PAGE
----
Farmland remains under threat from development and degradation of soil from non-farm uses. The ALC is planning to introduce new fees to help finance better enforcement.

Farmland remains under threat from development and degradation of soil from non-farm uses. The ALC is planning to introduce new fees to help finance better enforcement.

ALC considers higher fees to finance operations

Part of government strategy to make land commission sustainable

The Agricultural Land Commission wants public comment on various new or increased fees it may impose to generate more revenue to finance its operations.

Under consideration are increases to existing fees for Agricultural Land Reserve exclusions, as well as subdivisions, non-farm use and utility corridor applications. Those fees haven’t been raised since 2002.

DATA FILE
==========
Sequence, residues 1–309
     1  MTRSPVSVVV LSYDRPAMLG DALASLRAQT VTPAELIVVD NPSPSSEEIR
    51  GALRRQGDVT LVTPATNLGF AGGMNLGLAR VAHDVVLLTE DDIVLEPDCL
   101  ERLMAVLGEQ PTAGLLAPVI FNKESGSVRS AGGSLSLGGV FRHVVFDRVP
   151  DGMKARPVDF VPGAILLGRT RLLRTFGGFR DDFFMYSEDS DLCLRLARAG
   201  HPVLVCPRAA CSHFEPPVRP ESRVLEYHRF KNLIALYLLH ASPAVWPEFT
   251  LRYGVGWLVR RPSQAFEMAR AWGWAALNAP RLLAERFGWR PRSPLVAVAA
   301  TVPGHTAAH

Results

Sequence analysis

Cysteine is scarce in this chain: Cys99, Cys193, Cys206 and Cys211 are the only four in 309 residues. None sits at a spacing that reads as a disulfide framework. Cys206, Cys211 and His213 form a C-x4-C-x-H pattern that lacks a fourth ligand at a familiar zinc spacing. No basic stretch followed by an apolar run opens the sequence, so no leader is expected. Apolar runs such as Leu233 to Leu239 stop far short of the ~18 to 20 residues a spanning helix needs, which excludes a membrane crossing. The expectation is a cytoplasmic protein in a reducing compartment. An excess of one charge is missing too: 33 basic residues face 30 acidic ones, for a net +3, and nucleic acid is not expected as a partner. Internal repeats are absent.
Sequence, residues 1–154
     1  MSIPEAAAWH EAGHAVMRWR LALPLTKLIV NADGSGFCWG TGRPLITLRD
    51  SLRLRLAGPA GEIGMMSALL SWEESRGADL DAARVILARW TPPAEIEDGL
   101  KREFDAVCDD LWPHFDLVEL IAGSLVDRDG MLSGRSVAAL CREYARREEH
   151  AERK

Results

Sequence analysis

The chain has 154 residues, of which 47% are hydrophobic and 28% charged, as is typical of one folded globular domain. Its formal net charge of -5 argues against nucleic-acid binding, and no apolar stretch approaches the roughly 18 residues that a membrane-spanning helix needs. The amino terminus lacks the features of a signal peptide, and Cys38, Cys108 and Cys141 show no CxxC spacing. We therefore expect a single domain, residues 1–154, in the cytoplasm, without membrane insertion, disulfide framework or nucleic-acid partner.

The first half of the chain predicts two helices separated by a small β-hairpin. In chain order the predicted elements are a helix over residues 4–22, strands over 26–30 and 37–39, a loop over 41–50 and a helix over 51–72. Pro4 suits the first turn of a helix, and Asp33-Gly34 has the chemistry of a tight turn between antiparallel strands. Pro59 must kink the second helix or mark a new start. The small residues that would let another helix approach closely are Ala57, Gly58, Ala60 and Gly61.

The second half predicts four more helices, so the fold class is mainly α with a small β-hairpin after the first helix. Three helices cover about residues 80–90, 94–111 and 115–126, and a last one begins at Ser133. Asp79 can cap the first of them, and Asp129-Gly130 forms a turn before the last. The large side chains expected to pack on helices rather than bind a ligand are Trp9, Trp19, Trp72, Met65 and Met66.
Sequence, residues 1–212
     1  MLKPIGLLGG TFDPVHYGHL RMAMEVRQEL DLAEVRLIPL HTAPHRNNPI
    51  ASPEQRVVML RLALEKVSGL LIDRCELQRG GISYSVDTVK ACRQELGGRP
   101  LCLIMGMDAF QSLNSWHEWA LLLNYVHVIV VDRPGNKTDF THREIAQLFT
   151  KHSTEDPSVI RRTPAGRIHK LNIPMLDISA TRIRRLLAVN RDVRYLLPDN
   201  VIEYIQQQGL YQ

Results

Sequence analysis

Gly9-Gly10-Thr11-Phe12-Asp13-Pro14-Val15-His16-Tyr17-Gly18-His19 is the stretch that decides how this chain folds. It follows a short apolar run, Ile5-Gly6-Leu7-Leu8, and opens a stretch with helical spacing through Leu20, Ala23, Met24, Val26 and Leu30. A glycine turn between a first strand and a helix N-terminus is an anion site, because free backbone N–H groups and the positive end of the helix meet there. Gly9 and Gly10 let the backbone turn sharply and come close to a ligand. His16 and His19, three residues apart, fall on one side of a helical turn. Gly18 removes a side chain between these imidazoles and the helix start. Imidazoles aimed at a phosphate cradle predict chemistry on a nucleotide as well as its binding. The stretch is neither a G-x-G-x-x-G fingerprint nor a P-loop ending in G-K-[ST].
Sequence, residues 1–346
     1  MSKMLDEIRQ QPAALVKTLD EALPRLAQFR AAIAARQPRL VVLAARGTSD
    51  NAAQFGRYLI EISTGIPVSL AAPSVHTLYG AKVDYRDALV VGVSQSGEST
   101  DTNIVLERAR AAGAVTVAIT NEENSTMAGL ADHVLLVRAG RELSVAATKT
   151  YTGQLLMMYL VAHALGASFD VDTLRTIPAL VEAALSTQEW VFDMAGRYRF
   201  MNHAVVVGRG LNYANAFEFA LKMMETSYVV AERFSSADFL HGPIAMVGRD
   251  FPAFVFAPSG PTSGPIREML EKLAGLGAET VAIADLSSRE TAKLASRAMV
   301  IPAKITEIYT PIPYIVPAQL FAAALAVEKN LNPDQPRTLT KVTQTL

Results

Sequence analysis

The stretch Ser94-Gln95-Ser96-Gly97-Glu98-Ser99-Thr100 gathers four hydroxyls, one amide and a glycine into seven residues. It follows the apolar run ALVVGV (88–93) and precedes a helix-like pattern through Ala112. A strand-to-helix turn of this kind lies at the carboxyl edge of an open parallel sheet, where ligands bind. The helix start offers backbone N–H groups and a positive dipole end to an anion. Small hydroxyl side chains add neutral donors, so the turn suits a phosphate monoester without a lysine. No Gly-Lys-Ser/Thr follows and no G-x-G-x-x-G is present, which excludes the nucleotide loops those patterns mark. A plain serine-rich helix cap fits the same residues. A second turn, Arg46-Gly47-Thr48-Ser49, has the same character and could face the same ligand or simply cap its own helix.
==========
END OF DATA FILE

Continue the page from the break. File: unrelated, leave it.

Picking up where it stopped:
The ALC is also considering new service fees to ensure completion of conditionally approved applications and for ongoing monitoring and site inspections of long-term approvals.

B.C.’s agriculture minister last year agreed to enable new fees to strengthen the ALC after an audit found chronic underfunding had left the commission unable to prosecute many violators for degrading farmland because of court costs.

Comments are being accepted until July 8 at http://www.agf.gov.bc.ca/aboutind/ALC_Consultation/index.htm

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